Police Shootings: Do We Have the Right Data?

imagesWith regard to police shootings, do we have the right data to make decisions?

Perhaps we don’t.

Take a look at the following article in the Sept, 30 issue of The New York Times by Michael Winesaug:

Race and Police Shootings: Are Blacks Targeted More?

“If anything good has come out of this month’s fatal shooting of Michael Brown in Ferguson, Mo., it is that the death of the black teenager shined a spotlight on the plague of shootings of black men by white police officers. And maybe now, the nation will begin to address the racism behind it.

“That is the conventional wisdom, anyway, and maybe it is true. Only a fool would deny that racial bias still pervades aspects of American society. The evidence is clear that some police law-enforcement tactics — traffic stops, to cite one example — disproportionately target African-Americans. And few doubt that blacks are more likely than whites to die in police shootings; in most cities, the percentage almost certainly exceeds the African-American share of the population.

“Such arguments suggest that the use of deadly force by police officers unfairly targets blacks. All that is needed are the numbers to prove it

“But those numbers do not exist. And because of that, the current national debate over the role of race in police killings is being conducted more or less in a vacuum.

“Researchers have sought reliable data on shootings by police officers for years, and Congress even ordered the Justice Department to provide it, albeit somewhat vaguely, in 1994. But two decades later, there remains no comprehensive survey of police homicides. The even greater number of police shootings that do not kill, but leave suspects injured, sometimes gravely, is another statistical mystery.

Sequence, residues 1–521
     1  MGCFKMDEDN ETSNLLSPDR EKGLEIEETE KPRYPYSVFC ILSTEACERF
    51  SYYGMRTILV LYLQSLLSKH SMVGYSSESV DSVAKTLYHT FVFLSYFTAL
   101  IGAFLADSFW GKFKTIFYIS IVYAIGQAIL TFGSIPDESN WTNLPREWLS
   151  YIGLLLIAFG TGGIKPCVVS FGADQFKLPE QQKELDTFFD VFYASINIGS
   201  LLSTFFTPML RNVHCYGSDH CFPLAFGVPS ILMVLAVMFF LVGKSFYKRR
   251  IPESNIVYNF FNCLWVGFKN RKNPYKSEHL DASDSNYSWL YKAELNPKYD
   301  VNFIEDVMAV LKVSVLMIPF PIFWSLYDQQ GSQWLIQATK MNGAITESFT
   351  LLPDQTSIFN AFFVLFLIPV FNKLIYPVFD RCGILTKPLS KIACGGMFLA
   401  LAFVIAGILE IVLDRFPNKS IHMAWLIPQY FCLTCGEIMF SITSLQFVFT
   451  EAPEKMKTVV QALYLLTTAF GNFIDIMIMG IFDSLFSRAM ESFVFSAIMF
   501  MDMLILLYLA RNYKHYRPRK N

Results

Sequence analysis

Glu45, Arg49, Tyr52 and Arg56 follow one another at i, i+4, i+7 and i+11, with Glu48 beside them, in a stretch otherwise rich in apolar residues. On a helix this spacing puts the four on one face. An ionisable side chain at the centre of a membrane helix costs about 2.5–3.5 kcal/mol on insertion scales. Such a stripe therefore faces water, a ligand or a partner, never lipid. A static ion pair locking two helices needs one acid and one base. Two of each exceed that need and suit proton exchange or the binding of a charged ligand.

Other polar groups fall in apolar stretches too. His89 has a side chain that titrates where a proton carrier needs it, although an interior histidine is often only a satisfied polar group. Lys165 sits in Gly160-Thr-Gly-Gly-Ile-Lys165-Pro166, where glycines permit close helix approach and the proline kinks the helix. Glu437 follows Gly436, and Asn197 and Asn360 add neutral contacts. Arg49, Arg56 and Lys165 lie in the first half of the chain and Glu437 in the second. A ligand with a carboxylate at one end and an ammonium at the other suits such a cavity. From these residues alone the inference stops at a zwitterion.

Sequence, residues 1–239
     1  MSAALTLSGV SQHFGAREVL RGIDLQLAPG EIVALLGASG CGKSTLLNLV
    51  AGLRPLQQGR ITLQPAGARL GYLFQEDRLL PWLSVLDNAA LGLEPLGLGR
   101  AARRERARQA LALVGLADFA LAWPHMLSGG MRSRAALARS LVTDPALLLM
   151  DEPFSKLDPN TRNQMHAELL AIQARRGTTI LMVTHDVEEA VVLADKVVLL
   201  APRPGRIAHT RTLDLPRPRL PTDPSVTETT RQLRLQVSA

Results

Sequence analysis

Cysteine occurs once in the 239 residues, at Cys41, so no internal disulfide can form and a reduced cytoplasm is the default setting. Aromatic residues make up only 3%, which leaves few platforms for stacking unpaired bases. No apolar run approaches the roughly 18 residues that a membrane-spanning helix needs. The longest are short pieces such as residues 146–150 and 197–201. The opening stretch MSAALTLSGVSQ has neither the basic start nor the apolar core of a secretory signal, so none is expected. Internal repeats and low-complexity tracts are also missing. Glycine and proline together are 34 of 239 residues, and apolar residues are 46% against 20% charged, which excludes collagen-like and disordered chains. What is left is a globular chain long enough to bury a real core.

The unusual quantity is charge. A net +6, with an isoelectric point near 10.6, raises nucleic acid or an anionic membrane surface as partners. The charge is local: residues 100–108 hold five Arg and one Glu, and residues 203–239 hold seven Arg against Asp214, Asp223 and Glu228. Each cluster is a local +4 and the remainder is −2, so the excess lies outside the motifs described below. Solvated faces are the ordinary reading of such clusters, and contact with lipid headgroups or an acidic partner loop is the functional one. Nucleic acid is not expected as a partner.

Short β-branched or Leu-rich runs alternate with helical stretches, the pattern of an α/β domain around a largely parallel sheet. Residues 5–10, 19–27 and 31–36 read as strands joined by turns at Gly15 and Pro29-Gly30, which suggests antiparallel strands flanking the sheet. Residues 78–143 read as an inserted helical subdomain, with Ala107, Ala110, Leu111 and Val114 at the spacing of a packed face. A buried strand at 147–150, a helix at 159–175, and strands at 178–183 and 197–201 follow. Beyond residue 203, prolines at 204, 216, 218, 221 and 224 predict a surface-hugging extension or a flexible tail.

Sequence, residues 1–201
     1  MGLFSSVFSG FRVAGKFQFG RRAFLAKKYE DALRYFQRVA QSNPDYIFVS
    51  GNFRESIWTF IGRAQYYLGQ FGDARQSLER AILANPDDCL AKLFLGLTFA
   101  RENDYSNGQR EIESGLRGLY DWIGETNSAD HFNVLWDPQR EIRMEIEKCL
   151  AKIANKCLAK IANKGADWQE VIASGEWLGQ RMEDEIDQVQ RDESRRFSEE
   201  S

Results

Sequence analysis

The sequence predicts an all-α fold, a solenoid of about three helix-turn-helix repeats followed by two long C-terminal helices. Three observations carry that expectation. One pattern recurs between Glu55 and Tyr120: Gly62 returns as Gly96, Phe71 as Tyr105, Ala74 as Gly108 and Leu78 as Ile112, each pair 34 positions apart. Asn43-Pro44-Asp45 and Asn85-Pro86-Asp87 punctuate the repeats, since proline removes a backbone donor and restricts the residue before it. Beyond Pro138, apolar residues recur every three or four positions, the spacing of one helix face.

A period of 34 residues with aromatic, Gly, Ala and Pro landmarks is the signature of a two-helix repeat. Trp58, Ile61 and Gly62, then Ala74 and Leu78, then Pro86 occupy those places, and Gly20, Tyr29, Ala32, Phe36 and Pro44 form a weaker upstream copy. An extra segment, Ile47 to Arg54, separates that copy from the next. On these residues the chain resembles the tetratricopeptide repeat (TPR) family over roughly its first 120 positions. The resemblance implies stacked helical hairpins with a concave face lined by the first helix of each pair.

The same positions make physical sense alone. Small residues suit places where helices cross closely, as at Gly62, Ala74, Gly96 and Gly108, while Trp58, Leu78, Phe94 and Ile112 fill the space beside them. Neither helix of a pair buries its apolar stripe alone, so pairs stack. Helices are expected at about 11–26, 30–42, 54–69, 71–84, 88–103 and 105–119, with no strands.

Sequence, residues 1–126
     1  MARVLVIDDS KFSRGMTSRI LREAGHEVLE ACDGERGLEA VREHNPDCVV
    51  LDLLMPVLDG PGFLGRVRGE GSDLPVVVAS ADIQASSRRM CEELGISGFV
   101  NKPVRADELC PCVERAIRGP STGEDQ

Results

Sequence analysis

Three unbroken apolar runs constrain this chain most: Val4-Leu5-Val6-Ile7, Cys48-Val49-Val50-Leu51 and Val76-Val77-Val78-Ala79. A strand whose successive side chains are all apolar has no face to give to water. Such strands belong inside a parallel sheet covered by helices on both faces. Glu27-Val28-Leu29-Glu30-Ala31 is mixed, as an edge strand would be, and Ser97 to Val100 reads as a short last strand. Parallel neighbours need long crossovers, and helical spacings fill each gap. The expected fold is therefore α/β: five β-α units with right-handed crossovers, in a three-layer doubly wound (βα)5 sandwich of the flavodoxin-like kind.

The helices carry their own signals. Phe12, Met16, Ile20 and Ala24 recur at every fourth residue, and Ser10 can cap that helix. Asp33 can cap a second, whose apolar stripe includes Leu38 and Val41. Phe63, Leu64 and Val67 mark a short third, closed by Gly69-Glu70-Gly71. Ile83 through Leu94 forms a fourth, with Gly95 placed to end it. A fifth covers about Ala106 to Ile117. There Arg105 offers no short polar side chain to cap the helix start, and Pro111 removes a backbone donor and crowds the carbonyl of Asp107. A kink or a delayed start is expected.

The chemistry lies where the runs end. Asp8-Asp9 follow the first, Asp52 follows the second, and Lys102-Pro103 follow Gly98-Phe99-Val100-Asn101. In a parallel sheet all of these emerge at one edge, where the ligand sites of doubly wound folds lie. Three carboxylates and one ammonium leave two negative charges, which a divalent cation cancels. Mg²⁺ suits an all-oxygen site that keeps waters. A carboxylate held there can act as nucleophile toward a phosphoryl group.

“Without reliable numbers, the conventional wisdom is little more than speculation…

“’It’s shocking,’ said Geoffrey P. Alpert, a professor of criminology at the University of South Carolina. ‘For 20 years, we’ve been trying to get the government to do something. We don’t have a clear picture of what’s going on in the use of lethal force. Are young black males being shot at a rate disproportionate to their involvement in crime? Are white officers shooting black males in areas where they’re not expected to have those sorts of interactions? Is this an aberration, a trend, routine, something going on for a long time? We don’t know.’

“Not only do we not know the racial breakdown of police homicides, we don’t know with any precision how many homicides occur, period.

“The F.B.I.’s Uniform Crime Reporting Program tabulates deaths at the hands of police officers. So does the National Center for Health Statistics. So does the Bureau of Justice Statistics. But the totals can vary wildly…

“A 2012 study by David A. Klinger, a former police officer and professor of criminology at the University of Missouri-St. Louis, compared 13 years of internal reports on homicides by Los Angeles police officers and sheriffs’ deputies with the figures published by the F.B.I. The result: the 184 homicides reported by the F.B.I. were 46 percent fewer than the 340 logged by the departments themselves…

“Whether or not racial bias is a significant factor in police homicides is very much an open question…”

[To read the full story CLICK HERE.]

Here is one way that citizens, using the internet, are beginning to answer the questions surrounding police shootings:

To find out, CLICK HERE.